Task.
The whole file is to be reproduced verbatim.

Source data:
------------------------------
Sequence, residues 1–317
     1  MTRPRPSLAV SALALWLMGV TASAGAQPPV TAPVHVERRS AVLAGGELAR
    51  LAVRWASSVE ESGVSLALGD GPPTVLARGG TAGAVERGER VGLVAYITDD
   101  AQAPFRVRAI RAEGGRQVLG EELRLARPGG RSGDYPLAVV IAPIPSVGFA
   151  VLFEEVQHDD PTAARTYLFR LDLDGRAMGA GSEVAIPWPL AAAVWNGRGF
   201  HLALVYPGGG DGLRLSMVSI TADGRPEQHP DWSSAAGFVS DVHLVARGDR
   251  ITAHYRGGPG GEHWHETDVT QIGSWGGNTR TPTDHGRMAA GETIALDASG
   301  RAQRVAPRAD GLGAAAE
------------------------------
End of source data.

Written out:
Sequence, residues 1–317
     1  MTRPRPSLAV SALALWLMGV TASAGAQPPV TAPVHVERRS AVLAGGELAR
    51  LAVRWASSVE ESGVSLALGD GPPTVLARGG TAGAVERGER VGLVAYITDD
   101  AQAPFRVRAI RAEGGRQVLG EELRLARPGG RSGDYPLAVV IAPIPSVGFA
   151  VLFEEVQHDD PTAARTYLFR LDLDGRAMGA GSEVAIPWPL AAAVWNGRGF
   201  HLALVYPGGG DGLRLSMVSI TADGRPEQHP DWSSAAGFVS DVHLVARGDR
   251  ITAHYRGGPG GEHWHETDVT QIGSWGGNTR TPTDHGRMAA GETIALDASG
   301  RAQRVAPRAD GLGAAAE